Diary of a Wimpy Kid: Dog Days

Book review by
Debra Bogart, Common Sense Media
Diary of a Wimpy Kid: Dog Days Book Poster Image
Sweet, funny summer vacation tale in 4th installment.
Parents recommendPopular with kids

Parents say

age 9+
Based on 24 reviews

Kids say

age 8+
Based on 96 reviews

A lot or a little?

The parents' guide to what's in this book.

Educational Value
Positive Messages

Greg is always looking for the easy way out, but it always backfires. For example: When he sneaks in a viewing of a forbidden movie, he ends regretting it because it scares him. He has a crush on a high school girl, and attempts to woo her by helping her with her job at the pool.

Positive Role Models & Representations

Greg's parents are great role models. They make rules such as no scary movies, and Greg's poor choices always have consequences. They spend time together and try to teach their children their values.

Violence

Greg's grandfather admits that he ran over the dog that Greg's father owned growing up, and that he lied and told his son the dog had moved to a butterfly farm. Greg watches a forbidden horror movie about a muddy hand that kills.

Sex

Greg has a mild crush on an older girl.

Language

Dog poo is used in context of mowing a lawn and avoiding the dog poo.

Consumerism
Drinking, Drugs & Smoking

What parents need to know

Parents need to know this is the mildest Wimpy Kid so far. Greg still has a little trouble with honesty and good intentions, and some of his actions are those of a younger child. He has a crush on a high school senior who is a lifeguard, and he follows her around and tries to help with her job, but there is no sign she notices him. Greg doesn't enjoy walking through the locker room at the pool because he doesn't like to see the men in the shower, but there are no descriptions of what he doesn't like. There is one comic of Greg's older brother dropping a dirty sock into Greg's mouth while he sleeps. The humor is slightly wicked, but there are sweet parts. The parents monitor Greg's TV viewing, his activities, his friends, and his reading.

User Reviews

  • Parents say
  • Kids say
Parent of a 9 year old Written byJoeFuentes November 10, 2009

Excellent Follow up to the series!

One more in the series and Tripp just LOVED it! He read it cove to cover in a day and then read it again. My only concern is the same that I have with many bo... Continue reading
Adult Written byjose parra October 23, 2011

DIARY OF A WIMPY KID IS AWESOME

that diary of a wimpy kid doesnt have violent language and its pretty funny and cool!!! so let your kids read it because its cool by jeff kinney
Kid, 10 years old March 28, 2011

One of The Funniest Books Ever

It's a great book; very funny, nothing inappropriate at all. The Wimpy Kid books are some of the greatest.
Kid, 12 years old February 20, 2011

perfect for young teens

I love it! make sure you read this book.

What's the story?

Greg's family has cut back on vacations and day trips to save money, so his summer fun is limited. Summer vacation finds the main character, Greg, happy to be inside playing video games. His mother has other ideas, and starts a book club. Greg also gets to go to the country club with his best friend Rowley -- until they run up a bill of $83 for smoothies that Greg thought were free. Greg gets a job to pay the money back, and his scheme to mow lawns goes about as well as his other plans often do. So his birthday money will have to pay the bill instead of buy him the dog he wants, or so he thinks.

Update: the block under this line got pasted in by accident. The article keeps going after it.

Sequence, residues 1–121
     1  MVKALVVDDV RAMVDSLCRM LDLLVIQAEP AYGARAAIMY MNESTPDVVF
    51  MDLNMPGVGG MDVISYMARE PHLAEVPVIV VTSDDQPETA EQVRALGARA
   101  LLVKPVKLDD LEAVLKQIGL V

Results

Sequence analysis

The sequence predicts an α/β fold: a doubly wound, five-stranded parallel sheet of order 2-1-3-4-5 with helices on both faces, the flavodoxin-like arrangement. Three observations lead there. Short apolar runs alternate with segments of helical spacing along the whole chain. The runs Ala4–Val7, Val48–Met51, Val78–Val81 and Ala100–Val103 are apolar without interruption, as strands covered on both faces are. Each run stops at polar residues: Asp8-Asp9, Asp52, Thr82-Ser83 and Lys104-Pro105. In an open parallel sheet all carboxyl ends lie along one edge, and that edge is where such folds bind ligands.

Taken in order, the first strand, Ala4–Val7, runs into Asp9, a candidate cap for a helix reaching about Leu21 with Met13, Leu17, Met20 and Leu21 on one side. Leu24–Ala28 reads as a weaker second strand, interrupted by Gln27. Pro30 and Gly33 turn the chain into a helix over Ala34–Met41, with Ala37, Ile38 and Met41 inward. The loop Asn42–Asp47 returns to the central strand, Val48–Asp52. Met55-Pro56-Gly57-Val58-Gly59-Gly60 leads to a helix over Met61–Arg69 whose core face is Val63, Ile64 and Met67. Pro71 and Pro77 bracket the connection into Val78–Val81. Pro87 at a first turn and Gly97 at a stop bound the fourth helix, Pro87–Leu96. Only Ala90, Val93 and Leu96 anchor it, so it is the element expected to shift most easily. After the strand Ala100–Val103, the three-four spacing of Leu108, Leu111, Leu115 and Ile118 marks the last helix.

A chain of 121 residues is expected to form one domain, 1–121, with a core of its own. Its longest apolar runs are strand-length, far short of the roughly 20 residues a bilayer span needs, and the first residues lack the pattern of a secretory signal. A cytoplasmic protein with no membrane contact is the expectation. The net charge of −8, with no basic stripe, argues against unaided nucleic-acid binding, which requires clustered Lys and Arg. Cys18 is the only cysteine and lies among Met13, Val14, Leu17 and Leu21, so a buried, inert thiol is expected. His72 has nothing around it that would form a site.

Is it any good?

It's easy for even the stuffiest of adults to see why kids like the humor in this incredibly popular series. The drawings are innocuous, and although Greg recounts being a child model and only having one photo ever used (on a book called Your Child and Constipation), that's the extent of the potty humor -- overall far above the level of something like Captain Underpants. Once again, kids will see why it's better not to act the way Greg does even while they are laughing with him.  

Greg has quite the teen attitude and self-centeredness going on for a middle schooler. He mouths off to his mom, but this is his diary, after all, so he gets to tell the story his way. Greg may remind parents of Calvin in the old comic Calvin and Hobbes. Greg's actions are often those of a younger boy, and he is still quite innocent and naive. Younger readers will relate easily to his first crush on an older girl, and his attempts to woo her simply by following her around and trying to "help her" -- and still being unnoticed by her.

Talk to your kids about ...

  • Families can talk about being bored, and the benefits of playing outside as opposed to staying inside. Are video games always bad, even if parents have approved them?

  • How could Greg's mother have made the book club more attractive?

  • Why does Greg treat his best friend Rowley so badly?

Book details

For kids who love humor and great series

Our editors recommend

Top advice and articles

Common Sense Media's unbiased ratings are created by expert reviewers and aren't influenced by the product's creators or by any of our funders, affiliates, or partners.

See how we rate

About these links

Common Sense Media, a nonprofit organization, earns a small affiliate fee from Amazon or iTunes when you use our links to make a purchase. Thank you for your support.

Read more

Our ratings are based on child development best practices. We display the minimum age for which content is developmentally appropriate. The star rating reflects overall quality and learning potential.

Learn how we rate